Michael M. asked an interesting question that involves Pokémon and a possibly transgender character:
In pokemon x/y, there’s a character in the random battle place who is apparently transgender, and I was wondering if you could confirm the translations posted here and maybe confirm what’s going on on this fanart page (NSFW!)?
I thought it was a translation mistake at first, but apparently not!
From the tumblr post, it sounds like this is a hot topic among Pokémon fans, so let’s take a look! First, here’s a look at the line in both versions of the game:
|Japanese release||English release|
And here’s all the text side-by-side:
|Japanese script||Basic English translation||Official English translation|
|はんとしまえは カラテおう だったのに いがくの ちから って スゲーよね！||I was a Karate King just half a year ago; the power of medical science is awesome, wouldn’t you say?!||Yes, a mere half year ago I was a Black Belt! Quite the transformation, wouldn’t you say?|
Just from a quick look, we see the English localization definitely leaves out the mention of medicine/medical science, which doesn’t seem like a big change at first glance.
But the real confusion and questions seem to stem from the fact that the Japanese phrase translates to “Karate King”, which would make you think it’s referring to a male. Still, it’s important to note that this Japanese word 王 can sometimes refer to someone in power without any specific implied gender, similar to our word “ruler”. I’ve encountered this sort of unusual usage many times in my career, so it’s important to dig a little deeper than that.
So, doing a quick search, it turns out that the phrase “Karate King” is what these guys are called in the Japanese games:
Because of this, it sounds like the NPC in question is basically saying, “I was one of those generic karate guys a half year ago; I’m not anymore thanks to medical science!”
Still, just to be safe, I wondered if maybe there was a female version of Karate King. I might be wrong, but there doesn’t seem to be one – the only female equivalent I could find was this type of enemy, called “Battle Girl”:
In the official English translation, the NPC in question uses the term “Black Belt” instead of “Karate King”… and it indeed looks like that enemy was renamed to “Black Belt” in the English versions of the game. So that bit of consistency makes sense – in fact, if you read between the lines of the English localization and piece things together yourself, it’s still clear that a gender reassignment happened! It’s an interesting case of not fully removing something but making things a little fuzzier instead, much like how the Pokémon and marriage stuff was handled.
Again, like most of my Pokémon posts, I’ve likely overlooked or missed some extra details, so if you can offer any more suggestions or info, let me know in the comments or on Twitter!
If you enjoyed this look at gender stuff in video game translations, check out these other gender articles too!
Read about this on 4chan earlier today, and yeah, you got everything right. 😛
The Karate King/Black Belt class is indeed male-only, with a female equivalent called Battle Girl, so the implications are indeed what they appear to be.
Whew, I’m glad I didn’t bungle things too much! I seriously need to just get through all the games given how often I write about them 😛
As a 4channer I would have thought you would say that this is false or get mad because the text is a lil different in the english and how that’s “censorship”.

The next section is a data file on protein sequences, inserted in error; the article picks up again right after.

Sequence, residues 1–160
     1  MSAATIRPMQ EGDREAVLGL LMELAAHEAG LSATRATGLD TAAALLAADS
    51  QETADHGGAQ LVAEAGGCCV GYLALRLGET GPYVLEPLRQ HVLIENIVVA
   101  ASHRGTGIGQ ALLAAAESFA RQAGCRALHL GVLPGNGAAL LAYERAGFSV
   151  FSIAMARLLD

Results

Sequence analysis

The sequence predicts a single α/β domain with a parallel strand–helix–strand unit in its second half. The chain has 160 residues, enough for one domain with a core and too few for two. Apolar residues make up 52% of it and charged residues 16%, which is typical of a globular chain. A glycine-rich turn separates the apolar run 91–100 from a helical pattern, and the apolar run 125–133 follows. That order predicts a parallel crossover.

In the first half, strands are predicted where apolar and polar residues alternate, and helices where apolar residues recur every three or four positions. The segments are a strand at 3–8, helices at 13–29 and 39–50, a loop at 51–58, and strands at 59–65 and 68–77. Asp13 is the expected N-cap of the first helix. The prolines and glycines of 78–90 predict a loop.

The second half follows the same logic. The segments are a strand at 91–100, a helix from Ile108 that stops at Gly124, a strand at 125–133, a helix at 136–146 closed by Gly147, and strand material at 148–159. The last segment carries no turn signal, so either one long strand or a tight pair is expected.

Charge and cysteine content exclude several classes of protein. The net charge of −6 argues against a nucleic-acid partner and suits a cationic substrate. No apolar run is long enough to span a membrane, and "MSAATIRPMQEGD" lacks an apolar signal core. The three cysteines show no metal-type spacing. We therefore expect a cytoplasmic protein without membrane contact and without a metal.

As if it isn’t censorship? It 100% is.
Wow, where do you find this character in the game? This is the first i’ve heard of it.
She’s one of the random opponents in the Battle Maison.
I’m not a big fan of even minor censorship like this, since nuance is hard to convey. Putting even a little barrier of vagueness in the way is sure to make it go over people’s heads. Which is unfortunate, in my opinion.
Also, if I were translating it, I think the latter half would sound good as “…it’s amazing what surgery can do nowadays, don’t you agree?!”
I think it captures the spirit of the line (mentioning the actual gender transformation) as well as keeps the speaker’s fishing for a compliment about her new look.
Making things so completely blatant is likely to get you a “Mild Suggestive Themes” or even “Suggestive Themes” from the American ESRB. I think it’s good they keep in jokes of a debateably crude and sexual nature more subtle.
A transgender character mentioning their post-op doesn’t really seem like a crude or sexual joke though? But I can definitely understand why they sadly chose to censor it to avoid controversy.
Never understimate America’s prudishness. Even something as simple as someone wanting to transition has historically been lumped in (unfairly) with a load of sexual baggage, so that’s how a lot of people see the matter to this day.
But isn’t Japan way more conservative when it comes to stuff like this? AFAIK, gay marriage isn’t even legal over there yet.
Yeah but they don’t have as strict guidelines for child-friendly media
You know, I did used to think that the “Nintendo won’t release Mother 3 because of the Magypsies” theory was pretty silly, but with all the articles I’ve written/am writing about Nintendo localizations and sex/gender issues, I’m starting to think the Magypsies might indeed pose a problem for an official localization. Of course, there’s way more to it than just that one issue, but it seems more credible to me than before.
I have never doubted it. Though I think the bigger issue is that the game is far too mature in theme for the cutesy GBA RPG crowd, especially given how weirdly late it came out.
And than disturbing scene in the hot spring didn’t help. You know the one I’m talking about.
Knowing that Nintendo has issues localizing transgender people in their games, I think the translators did a good job with handling this character. To kids, it would look like she once practiced karate but stopped, while astute adults would figure out that she was transgender based on the wording and the fact that Black Belts are always male. It’s pretty neat that they kept it in instead of writing completely different dialogue. It reminds me of the clever ways translators got around words like “kill” and “death” in the G-rated Nintendo days.